(Activity 3.1, 3.2 based on Introduction and Chapter 12 in Blackmore (2010))
So Part 3 of the course is about social learning – or to use the formal heading “Social learning, interaction and systemic change”.
From what I gather so far, this draws on some different traditions of research and practice around social learning.
The early traditions of social learning systems are exemplified by the work of Schon and of Vickers. It is strange because I have touched on the work of both of these systems thinkers on a number of occasions in past study. I particularly know Argyris and Schon’s work on learning and double loop learning. I have also heard of Vickers work. I am kind of looking forward to going back to these authors’ original work and understanding the roots of what I have seen quoted and re-invented in a number of different places.
The part also covers the work of the Hawkesbury group on critical social learning systems. Although I have heard of the Hawkesbury work by name, I know very little about it. I note that this was the early part of Ison’s career so I imagine some of the principles will be familiar. Again, I am looking forward to knowing the detail of this.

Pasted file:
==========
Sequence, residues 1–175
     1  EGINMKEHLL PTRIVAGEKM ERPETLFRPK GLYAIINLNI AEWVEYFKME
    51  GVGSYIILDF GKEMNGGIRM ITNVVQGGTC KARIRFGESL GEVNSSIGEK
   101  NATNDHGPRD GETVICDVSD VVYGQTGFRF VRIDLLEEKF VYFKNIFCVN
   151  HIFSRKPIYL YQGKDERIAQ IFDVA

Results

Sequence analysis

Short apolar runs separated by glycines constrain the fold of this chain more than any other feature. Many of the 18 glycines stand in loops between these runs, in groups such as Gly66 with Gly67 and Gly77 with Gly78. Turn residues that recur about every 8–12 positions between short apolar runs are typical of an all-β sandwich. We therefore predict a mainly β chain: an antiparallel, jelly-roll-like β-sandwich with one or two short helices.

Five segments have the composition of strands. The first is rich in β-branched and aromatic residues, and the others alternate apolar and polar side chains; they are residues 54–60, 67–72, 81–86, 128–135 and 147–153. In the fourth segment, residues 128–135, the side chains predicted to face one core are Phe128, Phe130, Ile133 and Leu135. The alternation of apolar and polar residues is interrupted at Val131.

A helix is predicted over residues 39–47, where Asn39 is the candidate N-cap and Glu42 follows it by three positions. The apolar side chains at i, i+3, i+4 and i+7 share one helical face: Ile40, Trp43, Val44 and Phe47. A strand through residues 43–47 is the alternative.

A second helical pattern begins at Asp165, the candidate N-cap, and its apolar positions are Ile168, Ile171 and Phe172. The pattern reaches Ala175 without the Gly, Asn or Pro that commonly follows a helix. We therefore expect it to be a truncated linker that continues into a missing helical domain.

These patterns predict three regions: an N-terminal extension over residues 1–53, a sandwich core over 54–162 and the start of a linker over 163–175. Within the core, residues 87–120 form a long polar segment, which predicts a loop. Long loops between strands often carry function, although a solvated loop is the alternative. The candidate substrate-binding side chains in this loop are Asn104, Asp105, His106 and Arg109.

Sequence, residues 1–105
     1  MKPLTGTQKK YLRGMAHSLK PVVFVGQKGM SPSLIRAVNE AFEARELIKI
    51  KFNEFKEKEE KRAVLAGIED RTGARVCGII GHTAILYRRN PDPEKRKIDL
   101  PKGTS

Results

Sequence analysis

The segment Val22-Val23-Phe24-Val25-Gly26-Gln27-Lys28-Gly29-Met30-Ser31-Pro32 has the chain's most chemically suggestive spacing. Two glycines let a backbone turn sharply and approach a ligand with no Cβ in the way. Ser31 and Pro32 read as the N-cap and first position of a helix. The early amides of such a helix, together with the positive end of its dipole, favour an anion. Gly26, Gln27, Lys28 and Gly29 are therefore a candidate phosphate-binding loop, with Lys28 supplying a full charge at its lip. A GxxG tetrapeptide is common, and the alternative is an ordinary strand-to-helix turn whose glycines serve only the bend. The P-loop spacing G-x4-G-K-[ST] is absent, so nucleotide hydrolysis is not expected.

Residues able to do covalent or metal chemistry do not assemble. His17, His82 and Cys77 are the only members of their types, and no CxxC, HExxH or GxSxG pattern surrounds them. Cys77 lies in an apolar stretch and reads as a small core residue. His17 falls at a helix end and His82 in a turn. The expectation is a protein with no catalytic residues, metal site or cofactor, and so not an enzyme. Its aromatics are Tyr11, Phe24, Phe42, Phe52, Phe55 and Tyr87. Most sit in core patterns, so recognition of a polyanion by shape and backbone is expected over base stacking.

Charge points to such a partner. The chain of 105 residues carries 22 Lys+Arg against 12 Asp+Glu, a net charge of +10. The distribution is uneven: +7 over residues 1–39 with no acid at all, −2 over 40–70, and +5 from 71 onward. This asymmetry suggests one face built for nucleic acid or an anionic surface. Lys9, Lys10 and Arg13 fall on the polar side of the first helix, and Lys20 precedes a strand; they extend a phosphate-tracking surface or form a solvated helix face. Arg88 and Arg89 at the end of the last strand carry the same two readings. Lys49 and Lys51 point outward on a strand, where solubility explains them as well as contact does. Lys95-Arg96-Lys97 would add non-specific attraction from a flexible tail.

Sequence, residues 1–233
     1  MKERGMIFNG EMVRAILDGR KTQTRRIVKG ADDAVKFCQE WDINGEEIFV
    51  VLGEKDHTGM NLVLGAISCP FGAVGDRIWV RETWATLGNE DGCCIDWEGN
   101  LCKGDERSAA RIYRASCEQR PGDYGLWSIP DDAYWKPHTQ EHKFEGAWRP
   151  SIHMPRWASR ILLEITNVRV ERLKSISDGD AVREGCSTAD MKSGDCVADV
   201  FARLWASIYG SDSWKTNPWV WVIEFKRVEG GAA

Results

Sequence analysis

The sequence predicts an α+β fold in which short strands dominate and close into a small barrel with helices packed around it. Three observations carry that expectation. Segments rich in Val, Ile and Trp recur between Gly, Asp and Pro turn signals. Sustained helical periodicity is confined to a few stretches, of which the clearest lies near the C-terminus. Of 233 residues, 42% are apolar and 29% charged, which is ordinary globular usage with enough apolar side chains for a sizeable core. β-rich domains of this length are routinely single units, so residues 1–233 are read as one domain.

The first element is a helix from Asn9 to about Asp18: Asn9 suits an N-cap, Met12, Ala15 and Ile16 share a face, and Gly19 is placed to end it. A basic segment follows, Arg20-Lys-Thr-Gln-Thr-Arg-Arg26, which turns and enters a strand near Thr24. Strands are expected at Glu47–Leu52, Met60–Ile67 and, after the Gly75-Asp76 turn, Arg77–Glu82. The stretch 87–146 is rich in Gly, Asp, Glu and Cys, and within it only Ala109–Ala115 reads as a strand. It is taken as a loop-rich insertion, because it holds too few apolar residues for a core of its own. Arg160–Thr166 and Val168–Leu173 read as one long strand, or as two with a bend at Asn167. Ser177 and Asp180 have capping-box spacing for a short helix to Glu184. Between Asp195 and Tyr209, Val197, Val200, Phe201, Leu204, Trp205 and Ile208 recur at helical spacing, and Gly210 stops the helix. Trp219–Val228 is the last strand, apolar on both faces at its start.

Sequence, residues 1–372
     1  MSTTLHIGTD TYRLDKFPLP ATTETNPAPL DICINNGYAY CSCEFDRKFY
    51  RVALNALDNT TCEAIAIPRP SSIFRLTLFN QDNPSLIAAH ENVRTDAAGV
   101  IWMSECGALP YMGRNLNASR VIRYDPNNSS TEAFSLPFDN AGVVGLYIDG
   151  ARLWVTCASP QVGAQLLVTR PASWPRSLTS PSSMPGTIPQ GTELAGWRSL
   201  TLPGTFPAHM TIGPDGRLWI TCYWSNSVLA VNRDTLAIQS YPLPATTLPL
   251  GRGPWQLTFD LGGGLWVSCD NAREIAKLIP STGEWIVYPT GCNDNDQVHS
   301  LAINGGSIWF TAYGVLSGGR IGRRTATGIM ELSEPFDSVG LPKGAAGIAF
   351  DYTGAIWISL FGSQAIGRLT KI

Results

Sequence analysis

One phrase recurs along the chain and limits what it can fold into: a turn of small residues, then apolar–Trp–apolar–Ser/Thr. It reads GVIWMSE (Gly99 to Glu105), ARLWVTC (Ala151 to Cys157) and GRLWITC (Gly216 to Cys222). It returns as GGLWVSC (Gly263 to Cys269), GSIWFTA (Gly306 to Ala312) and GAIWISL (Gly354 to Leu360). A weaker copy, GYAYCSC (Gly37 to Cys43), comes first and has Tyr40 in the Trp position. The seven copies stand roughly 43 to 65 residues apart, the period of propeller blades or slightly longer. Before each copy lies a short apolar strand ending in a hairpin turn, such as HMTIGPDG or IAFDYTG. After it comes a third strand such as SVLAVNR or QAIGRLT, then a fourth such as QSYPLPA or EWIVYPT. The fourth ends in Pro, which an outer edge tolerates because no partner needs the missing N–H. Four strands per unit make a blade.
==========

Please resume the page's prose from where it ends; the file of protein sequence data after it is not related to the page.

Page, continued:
Communities of Practice are also covered. This concept is familiar to me and I touched on the work of Wenger when I studied Managing knowledge. I seem to remember at the time I found his work hard to read. Maybe it will be easier this time round. Again I think I will enjoy getting into the background material on this. My neighbour has loaned me the Wenger book – I have had it since christmas but have not opened it yet!
From what I can gather from Blackmore’s intro and final chapter, each of these traditions and authors take different perspectives on learning; social learning; social learning systems; learning systems etc and as a result different distinctions are made. I guess this means I will not be able to get a definitive definition. Though this one is quite helpful:
[the book] uses the construct of a learning system, mainly in the sense of a ‘system of interest’ with the purpose of learning that can be identified by an observer and linked to a range of systemic theoretical and practice traditions (page xiii)
Blackmore talks about a landscape of social learning systems praxis – I am a little confused as to what a landscape is but I note that it will be covered in Wenger’s work. She offers a number of headings which you can use to compare and contrast the different traditions.
So far, this seems quite conceptually based – I am interested to see how I will be able to bridge it into my practice which was what I enjoyed with Part 2.
Overall, setting off into this part with an inquiring and interested mind. Just hope the workload is a little lighter than it has been since christmas!
Blackmore, C. (Ed) (2010) Social learning systems and communities of practice, The Open University/Springer, Milton Keynes/LondonRepublish